Monday, February 13, 2017
MIDNIGHT WITHOUT A MOON by Linda Williams Jackson for Diversity Monday and Black History Month
Midnight Without a Moon by Linda Williams Jackson (January 3, 2017, HMH Books for Young Readers, 312 pages, for ages 10 and up)
Synopsis (from the publisher): It's Mississippi in the summer of 1955, and thirteen-year-old Rose Lee Carter can't wait to move north, following in the footsteps of her mama and her aunt. But for now, she's living with Ma Pearl and Papa, her grandparents, who are sharecroppers on a cotton plantation. Though she's heard bits and pieces about the civil rights movement, Rose is more interested in leaving the South than in changing it.
Then, one town over, a fourteen-year-old African American boy, Emmett Till, is killed for allegedly whistling at a white woman. When the killers are unjustly acquitted, Rose realizes that the South needs a change but she doesn't know if she should be part of the movement.
Why I recommend it: Oh, there is so much to recommend here: an honest young-teen voice, authentic dialogue, memorable characters, and descriptions so fine you can just see the house Rose lives in, taste the butter beans, and feel the summer heat. After only a few pages, I felt as if Rose was a real 13-year-old, telling me her story. This is one of those novels you don't read so much as you inhabit, and you may find yourself walking around in Rose's shoes for a few days, justifiably angry at the terrible events of 1955. Even though this is historical fiction, it's absolutely relevant today, considering the state of the union.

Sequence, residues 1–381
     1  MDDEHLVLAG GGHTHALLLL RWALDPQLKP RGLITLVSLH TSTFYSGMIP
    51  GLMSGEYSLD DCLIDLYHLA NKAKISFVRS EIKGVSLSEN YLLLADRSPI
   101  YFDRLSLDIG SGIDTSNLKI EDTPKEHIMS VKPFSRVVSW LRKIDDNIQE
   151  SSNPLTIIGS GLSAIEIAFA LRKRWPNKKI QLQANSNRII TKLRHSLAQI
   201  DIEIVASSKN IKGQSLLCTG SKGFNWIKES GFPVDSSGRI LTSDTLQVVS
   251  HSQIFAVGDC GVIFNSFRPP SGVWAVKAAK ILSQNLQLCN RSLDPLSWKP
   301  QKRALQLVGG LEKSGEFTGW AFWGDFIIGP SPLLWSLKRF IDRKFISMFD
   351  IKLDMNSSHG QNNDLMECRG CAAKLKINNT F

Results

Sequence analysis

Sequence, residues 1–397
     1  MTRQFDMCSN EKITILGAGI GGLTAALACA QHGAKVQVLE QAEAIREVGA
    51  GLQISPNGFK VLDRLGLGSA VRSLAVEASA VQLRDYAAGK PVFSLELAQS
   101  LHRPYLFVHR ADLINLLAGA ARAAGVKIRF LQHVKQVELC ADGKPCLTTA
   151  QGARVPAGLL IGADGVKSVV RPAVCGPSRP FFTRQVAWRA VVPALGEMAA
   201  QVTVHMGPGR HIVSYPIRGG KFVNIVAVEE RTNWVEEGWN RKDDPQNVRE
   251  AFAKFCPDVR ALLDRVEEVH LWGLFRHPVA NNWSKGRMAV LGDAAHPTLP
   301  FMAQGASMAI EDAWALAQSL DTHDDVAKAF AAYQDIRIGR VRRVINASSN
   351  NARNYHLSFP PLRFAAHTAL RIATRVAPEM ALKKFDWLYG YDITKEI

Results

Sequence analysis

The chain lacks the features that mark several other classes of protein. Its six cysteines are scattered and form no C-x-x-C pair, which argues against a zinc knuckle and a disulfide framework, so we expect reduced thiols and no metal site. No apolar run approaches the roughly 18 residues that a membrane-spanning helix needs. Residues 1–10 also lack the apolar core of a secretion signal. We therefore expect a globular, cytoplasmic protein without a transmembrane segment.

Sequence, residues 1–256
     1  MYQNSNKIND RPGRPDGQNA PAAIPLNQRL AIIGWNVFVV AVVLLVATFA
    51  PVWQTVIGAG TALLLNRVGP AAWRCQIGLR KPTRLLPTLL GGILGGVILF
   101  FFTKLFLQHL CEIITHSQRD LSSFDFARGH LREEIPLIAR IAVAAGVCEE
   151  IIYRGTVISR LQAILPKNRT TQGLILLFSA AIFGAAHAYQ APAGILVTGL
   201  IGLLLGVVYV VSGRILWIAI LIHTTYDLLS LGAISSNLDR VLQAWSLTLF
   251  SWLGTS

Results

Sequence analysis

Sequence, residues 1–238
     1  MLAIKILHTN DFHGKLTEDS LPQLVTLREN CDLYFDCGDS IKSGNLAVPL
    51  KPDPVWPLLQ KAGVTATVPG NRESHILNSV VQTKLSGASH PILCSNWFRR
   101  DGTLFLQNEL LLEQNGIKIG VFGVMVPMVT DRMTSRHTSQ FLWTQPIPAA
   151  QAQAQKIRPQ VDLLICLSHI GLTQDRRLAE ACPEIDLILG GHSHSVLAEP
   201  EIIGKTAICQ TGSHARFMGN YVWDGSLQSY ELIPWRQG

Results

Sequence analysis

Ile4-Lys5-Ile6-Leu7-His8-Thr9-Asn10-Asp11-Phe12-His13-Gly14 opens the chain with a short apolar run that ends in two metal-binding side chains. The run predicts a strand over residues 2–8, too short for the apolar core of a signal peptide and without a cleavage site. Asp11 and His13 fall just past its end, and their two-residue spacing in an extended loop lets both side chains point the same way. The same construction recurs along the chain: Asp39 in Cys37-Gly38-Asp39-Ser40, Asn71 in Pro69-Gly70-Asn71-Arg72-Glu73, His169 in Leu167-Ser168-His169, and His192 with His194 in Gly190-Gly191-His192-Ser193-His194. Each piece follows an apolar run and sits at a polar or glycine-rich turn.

Favorite lines: "The sun beat down on me like I owed it money from six years back. Sweat dripped in my eyes so bad that I couldn't tell cotton from weeds..."
Bonus: An excellent discussion-starter for classroom units about the Civil Rights movement. Plus, there's a sequel, A Sky Full of Stars, coming in January 2018!
Follow Linda on Twitter: @LindaWJackson
Read this moving guest post by Linda on Caroline Starr Rose's blog.
In honor of Black History Month, what's your favorite historical novel about the Civil Rights movement?